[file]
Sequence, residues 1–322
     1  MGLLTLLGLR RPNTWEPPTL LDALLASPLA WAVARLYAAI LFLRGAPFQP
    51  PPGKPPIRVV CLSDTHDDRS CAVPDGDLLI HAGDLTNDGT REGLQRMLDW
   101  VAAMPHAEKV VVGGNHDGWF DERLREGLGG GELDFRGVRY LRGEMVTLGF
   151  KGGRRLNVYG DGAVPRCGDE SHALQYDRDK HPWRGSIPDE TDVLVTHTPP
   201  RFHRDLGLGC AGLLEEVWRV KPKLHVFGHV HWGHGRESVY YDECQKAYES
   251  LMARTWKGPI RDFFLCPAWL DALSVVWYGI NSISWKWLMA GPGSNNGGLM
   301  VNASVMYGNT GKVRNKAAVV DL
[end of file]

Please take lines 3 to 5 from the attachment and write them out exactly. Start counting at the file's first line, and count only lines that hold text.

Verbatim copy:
    51  PPGKPPIRVV CLSDTHDDRS CAVPDGDLLI HAGDLTNDGT REGLQRMLDW
   101  VAAMPHAEKV VVGGNHDGWF DERLREGLGG GELDFRGVRY LRGEMVTLGF
   151  KGGRRLNVYG DGAVPRCGDE SHALQYDRDK HPWRGSIPDE TDVLVTHTPP